Population pressure is intense in Afghanistan, which has grown from eight million in 1950 and more than 22 million in 2001 to nearly 36 million this year in spite of decades of war and migration outside the country. There now is a massive national and youth employment crisis that is further compounded by rising urbanization in cities without enough new jobs.

Afghanistan also needs outside civil aid as much as military aid. No one has projected what would happen in the case of a peace deal, but the aid needed to keep both the Taliban and government happy could be significantly higher. At the same time, aid costs would also rise if the United States stayed the course and the war became more intense.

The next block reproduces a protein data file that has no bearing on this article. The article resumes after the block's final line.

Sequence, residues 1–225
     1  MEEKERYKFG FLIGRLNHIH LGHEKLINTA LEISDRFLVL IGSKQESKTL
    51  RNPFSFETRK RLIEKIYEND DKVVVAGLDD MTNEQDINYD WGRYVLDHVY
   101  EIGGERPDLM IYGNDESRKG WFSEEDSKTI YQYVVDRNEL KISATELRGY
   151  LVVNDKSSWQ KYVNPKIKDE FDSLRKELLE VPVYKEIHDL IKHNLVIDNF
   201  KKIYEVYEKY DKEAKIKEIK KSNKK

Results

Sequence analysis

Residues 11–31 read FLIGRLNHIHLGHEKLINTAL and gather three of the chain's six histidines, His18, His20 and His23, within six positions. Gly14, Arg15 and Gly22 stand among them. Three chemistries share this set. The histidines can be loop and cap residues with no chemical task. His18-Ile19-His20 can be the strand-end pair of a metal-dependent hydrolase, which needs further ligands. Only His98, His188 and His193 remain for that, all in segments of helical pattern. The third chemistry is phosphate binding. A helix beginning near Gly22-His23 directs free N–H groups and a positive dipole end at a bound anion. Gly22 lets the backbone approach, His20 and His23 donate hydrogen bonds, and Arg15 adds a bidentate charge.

Ultimately, all of the options are bad. The choice, however, should be made between the best possible peace plan and the best plan for staying. This critical choice should be based on the grim realities on the ground, and offer the best steps forward it can. It should not be made on the basis of hollow political gestures or on the basis of heated ideological rhetoric.

Anthony Cordesman holds the Arleigh Burke chair in strategy at the Center for Strategic and International Studies in Washington. He has served as a policy adviser to the Department of Defense and the Department of State.